face-to-face consultations with Key
Stakeholders, review of compiled and/or
published data, collection of new data through
direct stakeholder surveys and online data
searches
Secondary Collection by interpretation of
related data sets obtained through trade data
of imports of EEE and exports of WEEE, plus
review of sales of EEE in country.
Commonalities Between Countries



The trade statistics shos that the quantity of imports for the
different categories outweigh their export counterparts for the
5-year period 2007-2011.
The major categories of EEE imports are large household
appliances (LHHA), electrical and electronic tools, consumer
equipment, and IT and Telecommunication equipment in that
order.
The major export categories were LHHA followed by conputer
equipment then electrical and electronic tools.
Commonalities Between Countries

The main stages and processes within a
product’s lifecycle include:



Import by distributers, retailers and private entities;
The sale of these items (with the exclusion of the
private households), consumption and storage until
they lose their functional usage, becoming used EEE
(UEEE) and ultimately WEEE;
The stage at which this used EEE (UEEE) is then
converted to WEEE;
Commonalities Between Countries


UEEE/WEEE is then addressed through the options of
landfilling, either through MSW collection or otherwise,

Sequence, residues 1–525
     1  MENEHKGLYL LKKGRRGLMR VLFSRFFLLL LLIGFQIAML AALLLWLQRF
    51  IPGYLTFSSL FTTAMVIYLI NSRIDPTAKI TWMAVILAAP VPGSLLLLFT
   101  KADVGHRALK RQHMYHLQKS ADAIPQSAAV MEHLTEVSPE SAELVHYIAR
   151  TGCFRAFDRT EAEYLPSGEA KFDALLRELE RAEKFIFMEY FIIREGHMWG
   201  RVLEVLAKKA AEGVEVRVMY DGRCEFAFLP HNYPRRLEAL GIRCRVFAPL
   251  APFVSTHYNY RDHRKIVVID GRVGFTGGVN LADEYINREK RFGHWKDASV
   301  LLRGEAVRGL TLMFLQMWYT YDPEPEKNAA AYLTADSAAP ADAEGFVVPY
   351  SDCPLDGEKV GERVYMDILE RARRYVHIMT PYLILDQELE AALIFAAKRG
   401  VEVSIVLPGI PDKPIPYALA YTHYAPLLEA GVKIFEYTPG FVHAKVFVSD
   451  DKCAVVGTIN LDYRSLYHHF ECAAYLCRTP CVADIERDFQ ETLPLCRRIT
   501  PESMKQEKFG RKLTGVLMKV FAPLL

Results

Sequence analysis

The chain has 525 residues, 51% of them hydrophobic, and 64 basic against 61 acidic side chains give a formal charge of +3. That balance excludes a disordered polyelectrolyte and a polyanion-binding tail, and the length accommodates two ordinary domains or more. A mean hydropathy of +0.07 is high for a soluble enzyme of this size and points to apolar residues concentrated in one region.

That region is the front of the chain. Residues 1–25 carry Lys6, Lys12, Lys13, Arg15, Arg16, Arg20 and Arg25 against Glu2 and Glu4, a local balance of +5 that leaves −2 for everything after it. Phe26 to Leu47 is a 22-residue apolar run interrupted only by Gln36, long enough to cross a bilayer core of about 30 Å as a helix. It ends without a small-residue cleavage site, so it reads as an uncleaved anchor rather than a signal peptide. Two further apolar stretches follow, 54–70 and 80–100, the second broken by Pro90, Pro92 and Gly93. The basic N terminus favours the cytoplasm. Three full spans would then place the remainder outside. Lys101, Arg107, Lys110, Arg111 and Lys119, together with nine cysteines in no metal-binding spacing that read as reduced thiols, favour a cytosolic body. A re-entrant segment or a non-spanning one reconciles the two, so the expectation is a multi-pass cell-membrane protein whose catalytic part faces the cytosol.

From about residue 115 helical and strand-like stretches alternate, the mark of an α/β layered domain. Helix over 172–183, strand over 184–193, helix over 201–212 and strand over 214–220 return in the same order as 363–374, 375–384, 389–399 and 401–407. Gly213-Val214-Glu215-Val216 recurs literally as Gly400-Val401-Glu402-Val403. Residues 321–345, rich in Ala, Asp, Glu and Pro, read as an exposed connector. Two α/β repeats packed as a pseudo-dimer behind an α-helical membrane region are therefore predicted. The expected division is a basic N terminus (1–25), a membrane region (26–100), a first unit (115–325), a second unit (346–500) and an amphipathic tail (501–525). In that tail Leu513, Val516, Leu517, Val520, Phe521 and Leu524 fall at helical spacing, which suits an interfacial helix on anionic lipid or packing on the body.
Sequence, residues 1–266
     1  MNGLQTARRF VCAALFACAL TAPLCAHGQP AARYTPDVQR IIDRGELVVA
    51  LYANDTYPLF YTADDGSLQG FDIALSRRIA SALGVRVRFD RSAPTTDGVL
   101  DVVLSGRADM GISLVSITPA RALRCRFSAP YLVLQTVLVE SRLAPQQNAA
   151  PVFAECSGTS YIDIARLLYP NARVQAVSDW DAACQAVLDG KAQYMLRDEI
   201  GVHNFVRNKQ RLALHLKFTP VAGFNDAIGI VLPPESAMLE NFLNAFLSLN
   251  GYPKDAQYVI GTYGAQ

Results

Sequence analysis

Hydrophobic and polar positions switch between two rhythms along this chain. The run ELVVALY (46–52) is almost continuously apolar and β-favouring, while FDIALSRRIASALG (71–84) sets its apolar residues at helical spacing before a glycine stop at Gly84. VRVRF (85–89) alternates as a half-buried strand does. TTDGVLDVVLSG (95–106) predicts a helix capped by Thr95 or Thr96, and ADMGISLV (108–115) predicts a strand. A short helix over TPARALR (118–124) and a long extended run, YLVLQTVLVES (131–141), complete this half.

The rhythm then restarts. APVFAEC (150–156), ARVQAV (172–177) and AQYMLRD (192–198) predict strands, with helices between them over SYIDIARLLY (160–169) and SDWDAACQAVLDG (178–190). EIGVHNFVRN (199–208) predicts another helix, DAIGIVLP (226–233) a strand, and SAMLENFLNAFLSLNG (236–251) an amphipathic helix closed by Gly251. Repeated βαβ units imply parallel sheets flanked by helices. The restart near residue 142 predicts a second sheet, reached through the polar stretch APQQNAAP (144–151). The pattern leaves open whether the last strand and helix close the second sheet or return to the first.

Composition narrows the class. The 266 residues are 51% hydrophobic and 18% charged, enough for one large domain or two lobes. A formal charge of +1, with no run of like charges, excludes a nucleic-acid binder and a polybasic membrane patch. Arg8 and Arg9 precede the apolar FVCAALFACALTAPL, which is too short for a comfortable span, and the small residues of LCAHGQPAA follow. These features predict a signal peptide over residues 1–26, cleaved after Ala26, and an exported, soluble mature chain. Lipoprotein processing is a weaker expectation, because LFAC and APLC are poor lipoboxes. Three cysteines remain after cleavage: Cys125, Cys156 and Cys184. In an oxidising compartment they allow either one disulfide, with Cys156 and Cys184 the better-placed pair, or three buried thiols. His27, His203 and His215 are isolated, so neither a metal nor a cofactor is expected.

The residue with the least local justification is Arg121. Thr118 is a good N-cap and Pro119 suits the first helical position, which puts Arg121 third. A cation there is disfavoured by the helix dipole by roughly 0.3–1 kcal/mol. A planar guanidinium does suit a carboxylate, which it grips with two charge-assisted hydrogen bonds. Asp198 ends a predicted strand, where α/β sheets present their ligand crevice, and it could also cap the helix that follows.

open dumping and burning, and collection for resale
on the scrap market, either directly by scrap dealers or
indirectly by salvagers for resale to scrap dealers.
Scrap dealers as well as informal salvagers are also
processing UEEE/WEEE for sale on the international
markets or to foreign entities purchasing scrap.
Commonalities Between Countries
• The present knowledge and understanding of the
impacts of WEEE and improper management are
extremely limited among all of the stakeholders
engaged throughout the life cycle of EEE.
• Therefore, it is imperative that any future actions
to enhance the ESM of WEEE in the region must
be based on a well-developed awareness and
public education campaign.
Promoting Education and Awareness

Elements of an Education and Awareness
Programme could include:
Flyers distributed in communities and commercial
centres
 Ads on the radio and television and online
 School competitions and co-curriculum courses.
 Community Competitions and other social
activities

Promoting a Strong Legislative
Structure

Legislation specific to the management of WEEE is a critical priority
in order to support the development of ESM of WEEE in the region.

Should be integrated in the context of broader waste or
environmental management legislation for each country.


Appropriate regulations and standards to support the monitoring of
and improvement in existing collection and storage practices as well
as in the EOL treatment of EEE.
Strengthening regional Standards Bureaus to facilitate the
development of standards to support the life cycle management of
EEE and the ESM of WEEE.
Promoting ESM Strategies for the
Management of WEEE
Collection and Storage
 The Role of the ICT Sector and Promotion
of Take-back Systems
 Opportunities for Advanced WEEE
Treatment and Private Sector Investment

Regional Strategy and a Way Forward

Creation of a National WEEE Management Coordinating
Body







Public Sector
Private Sector
University
Civil Society
Establishment of stronger laws to discourage illegal
dumping or out of country disposal.
Creation of Economic and non-economic incentives for
private sector investment in WEEE dismantling and some
recycling
Education and Awareness